But other schools use online learning to offer more immersive options. For instance, last year the University of Edinburgh Business School launched its first MOOC, a six-week introductory marketing course; in 2017, it will offer its first fully online part-time masters in accounting and society. Wharton delivers Wharton Online classes— shorter, focused, skills-based courses—through Coursera and edX.
Open University offers a wide range of free learning opportunities through multiple platforms: YouTube, iTunes U, its own OpenLearn site, and the MOOC platform FutureLearn, which is wholly owned by OU. FutureLearn has more than 100 partners from around the world, including other universities, cultural organizations, and professional bodies, and it has drawn more than 5 million learners since its first courses were offered in 2013, says Fenton-O’Creevy.
■ Live Events. Wharton delivers educational opportunities at many of its reunions, as well as its twice-yearly Global Forums, which are two-day international conferences that include research presentations, master classes, and practitioner’s panels. According to Simons, “Alumni walk away not just with an understanding of the top research that’s coming out of the school, but also with knowledge of how to apply it in the field.”
Berkeley-Haas also provides lifelong learning opportunities through live events, such as alumni chapter meetings, which are often recorded and added to the learning portal.
■ Corporate Partnerships. To serve companies that want to train employees in specific skills, Northeastern University’s D’Amore-McKim School of Business unbundles some of its programs down to the course level and delivers them at company facilities.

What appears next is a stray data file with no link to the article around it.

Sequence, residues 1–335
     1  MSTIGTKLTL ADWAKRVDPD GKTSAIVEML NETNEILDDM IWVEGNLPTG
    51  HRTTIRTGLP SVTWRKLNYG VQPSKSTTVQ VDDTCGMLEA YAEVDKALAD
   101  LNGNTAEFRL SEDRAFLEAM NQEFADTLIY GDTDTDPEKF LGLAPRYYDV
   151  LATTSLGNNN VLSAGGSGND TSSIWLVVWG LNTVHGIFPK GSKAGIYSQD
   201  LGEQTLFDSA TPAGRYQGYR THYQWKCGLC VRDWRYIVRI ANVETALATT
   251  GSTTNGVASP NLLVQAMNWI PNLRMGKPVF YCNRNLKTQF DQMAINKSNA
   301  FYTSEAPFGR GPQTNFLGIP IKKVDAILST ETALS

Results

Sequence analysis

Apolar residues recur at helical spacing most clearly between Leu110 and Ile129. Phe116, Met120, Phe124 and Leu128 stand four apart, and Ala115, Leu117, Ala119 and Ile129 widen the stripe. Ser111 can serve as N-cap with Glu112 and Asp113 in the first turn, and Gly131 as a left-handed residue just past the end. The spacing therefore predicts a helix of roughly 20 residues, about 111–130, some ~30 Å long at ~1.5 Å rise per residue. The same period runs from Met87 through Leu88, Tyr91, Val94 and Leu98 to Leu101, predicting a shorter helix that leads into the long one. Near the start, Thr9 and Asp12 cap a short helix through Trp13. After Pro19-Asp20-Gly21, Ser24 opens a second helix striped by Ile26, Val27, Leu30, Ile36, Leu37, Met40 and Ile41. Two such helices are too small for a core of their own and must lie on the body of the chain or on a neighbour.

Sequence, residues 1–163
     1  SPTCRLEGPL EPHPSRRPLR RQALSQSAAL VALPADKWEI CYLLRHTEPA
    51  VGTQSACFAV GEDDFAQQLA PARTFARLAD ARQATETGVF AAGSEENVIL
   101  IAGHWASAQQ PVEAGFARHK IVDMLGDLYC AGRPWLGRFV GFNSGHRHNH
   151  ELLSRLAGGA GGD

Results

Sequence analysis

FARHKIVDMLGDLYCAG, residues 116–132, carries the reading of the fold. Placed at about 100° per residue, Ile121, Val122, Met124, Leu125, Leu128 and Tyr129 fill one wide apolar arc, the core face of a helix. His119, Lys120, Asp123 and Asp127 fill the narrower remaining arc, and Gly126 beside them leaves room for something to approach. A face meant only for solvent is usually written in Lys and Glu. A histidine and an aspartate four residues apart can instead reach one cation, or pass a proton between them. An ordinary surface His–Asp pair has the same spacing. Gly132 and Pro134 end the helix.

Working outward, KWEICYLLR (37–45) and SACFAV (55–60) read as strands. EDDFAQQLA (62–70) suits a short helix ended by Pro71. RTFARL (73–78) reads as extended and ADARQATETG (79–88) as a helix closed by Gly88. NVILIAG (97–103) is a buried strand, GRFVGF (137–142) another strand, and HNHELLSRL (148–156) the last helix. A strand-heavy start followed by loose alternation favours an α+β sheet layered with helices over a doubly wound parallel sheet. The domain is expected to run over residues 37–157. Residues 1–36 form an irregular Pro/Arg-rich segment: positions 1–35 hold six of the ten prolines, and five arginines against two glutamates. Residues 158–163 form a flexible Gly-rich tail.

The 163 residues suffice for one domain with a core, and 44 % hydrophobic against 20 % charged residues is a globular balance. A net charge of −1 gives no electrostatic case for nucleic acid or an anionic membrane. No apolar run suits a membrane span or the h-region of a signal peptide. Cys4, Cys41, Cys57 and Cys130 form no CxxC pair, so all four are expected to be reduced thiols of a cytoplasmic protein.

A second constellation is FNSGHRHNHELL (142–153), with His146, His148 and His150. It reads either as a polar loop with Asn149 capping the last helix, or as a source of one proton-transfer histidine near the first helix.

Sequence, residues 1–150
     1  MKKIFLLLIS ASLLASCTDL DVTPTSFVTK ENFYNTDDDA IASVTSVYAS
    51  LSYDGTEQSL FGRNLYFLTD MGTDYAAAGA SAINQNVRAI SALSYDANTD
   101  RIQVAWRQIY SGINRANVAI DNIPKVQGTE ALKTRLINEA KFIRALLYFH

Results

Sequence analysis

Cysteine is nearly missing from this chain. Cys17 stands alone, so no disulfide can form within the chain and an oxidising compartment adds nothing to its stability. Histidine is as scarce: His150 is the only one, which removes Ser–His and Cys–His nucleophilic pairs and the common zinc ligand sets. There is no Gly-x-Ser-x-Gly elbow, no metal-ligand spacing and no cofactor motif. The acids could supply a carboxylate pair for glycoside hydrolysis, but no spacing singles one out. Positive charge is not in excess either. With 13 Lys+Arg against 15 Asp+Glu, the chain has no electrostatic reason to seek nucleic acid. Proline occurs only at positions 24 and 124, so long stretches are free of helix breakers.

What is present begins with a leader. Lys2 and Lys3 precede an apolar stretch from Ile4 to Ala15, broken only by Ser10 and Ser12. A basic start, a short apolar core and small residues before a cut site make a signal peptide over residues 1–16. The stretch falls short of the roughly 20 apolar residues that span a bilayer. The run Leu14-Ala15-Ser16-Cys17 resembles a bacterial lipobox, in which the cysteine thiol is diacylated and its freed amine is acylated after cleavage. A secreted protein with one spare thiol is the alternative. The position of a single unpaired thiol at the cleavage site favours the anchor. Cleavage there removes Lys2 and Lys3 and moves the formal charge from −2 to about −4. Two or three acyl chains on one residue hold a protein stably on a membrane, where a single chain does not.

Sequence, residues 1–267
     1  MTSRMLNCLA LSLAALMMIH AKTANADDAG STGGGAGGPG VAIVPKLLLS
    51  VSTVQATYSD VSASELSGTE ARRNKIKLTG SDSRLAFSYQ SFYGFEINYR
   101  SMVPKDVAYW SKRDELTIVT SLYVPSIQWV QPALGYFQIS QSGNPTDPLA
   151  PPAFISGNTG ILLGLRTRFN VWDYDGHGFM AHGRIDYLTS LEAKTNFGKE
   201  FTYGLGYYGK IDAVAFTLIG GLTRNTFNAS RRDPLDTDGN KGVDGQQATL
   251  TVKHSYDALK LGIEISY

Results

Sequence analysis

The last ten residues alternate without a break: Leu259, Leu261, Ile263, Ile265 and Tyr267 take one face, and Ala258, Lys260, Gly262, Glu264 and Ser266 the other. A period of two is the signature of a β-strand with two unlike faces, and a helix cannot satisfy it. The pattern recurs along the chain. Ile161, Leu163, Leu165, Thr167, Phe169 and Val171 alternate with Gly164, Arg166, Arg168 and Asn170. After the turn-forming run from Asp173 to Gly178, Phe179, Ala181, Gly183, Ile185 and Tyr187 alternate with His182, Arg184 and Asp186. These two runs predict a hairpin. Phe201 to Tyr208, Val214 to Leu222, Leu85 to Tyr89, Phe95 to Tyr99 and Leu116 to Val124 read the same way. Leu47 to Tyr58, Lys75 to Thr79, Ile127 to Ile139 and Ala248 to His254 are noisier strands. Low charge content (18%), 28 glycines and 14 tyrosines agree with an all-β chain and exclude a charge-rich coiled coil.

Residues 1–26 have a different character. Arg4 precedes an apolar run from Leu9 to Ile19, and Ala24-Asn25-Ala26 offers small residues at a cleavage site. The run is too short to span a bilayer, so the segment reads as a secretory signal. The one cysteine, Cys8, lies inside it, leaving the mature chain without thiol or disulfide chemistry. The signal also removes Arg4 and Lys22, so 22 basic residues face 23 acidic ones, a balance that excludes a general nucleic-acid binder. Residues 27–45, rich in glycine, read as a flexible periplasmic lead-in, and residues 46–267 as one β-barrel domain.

“It’s a real win-win situation,” says Hugh Courtney. “The company gets a cohort of people focused on exactly what they need to know to do a better job. The students earn credit toward a degree program, and usually those credits are mostly, if not fully, funded. It’s like they’re choosing credit-bearing executive education.”
It’s also a win for Northeastern because it creates a pipeline of potential new students. Since the school launched this program with its first client, about one-third of the cohort has enrolled in additional courses and is moving forward in a degree program.
■ Academic Alliances. Lifelong learners need a depth of knowledge that extends beyond business, says Wendy Loretto of the University of Edinburgh, so the business school is increasingly combining its programs with other disciplines, such as psychology, history, and philosophy.
In addition, the business school is part of the Edinburgh Global Compassion Initiative, which examines “the role compassion can play in holding together the human relationships needed to solve some of the most pressing international issues,” Loretto says. “I feel returning students are looking for a more holistic, interdisciplinary learning experience and have a real drive to play a part in addressing global challenges. They’re drawn to leadership education because they see it as a route to make a difference.”